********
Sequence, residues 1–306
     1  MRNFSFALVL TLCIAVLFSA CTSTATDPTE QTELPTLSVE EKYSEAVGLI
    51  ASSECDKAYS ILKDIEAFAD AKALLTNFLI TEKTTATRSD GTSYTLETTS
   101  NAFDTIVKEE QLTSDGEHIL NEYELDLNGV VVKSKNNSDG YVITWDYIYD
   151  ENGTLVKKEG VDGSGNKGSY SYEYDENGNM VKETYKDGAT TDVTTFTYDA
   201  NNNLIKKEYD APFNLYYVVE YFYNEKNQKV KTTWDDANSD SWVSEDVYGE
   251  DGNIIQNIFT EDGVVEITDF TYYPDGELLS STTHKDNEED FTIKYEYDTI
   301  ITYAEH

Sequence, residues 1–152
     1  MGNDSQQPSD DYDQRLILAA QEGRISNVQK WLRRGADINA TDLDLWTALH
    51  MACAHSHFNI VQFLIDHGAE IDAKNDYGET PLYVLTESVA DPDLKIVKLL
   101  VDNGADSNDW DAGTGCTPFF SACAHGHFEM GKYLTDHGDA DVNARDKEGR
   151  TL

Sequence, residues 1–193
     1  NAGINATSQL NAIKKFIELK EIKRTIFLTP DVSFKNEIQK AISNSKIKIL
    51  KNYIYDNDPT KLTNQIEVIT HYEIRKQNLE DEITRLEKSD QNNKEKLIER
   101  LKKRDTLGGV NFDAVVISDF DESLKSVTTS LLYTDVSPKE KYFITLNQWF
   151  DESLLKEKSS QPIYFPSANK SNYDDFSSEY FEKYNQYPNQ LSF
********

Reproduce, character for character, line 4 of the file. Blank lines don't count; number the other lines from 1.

   101  NAFDTIVKEE QLTSDGEHIL NEYELDLNGV VVKSKNNSDG YVITWDYIYD